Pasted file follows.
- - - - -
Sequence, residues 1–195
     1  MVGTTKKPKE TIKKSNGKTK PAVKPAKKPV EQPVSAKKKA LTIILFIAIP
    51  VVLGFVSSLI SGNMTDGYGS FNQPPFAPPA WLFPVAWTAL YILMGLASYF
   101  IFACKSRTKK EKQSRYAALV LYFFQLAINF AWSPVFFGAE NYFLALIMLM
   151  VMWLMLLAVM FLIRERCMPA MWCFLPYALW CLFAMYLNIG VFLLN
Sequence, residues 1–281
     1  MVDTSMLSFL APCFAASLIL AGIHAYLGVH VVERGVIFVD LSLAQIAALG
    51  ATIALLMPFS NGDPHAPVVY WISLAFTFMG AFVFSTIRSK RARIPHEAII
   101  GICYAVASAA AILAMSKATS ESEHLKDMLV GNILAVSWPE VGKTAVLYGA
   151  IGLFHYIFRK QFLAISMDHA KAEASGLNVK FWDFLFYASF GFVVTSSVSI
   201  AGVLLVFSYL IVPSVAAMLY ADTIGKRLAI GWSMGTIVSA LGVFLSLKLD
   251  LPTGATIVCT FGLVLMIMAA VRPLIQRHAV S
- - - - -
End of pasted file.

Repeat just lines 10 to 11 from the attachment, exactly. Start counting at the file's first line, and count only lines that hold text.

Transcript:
   151  IGLFHYIFRK QFLAISMDHA KAEASGLNVK FWDFLFYASF GFVVTSSVSI
   201  AGVLLVFSYL IVPSVAAMLY ADTIGKRLAI GWSMGTIVSA LGVFLSLKLD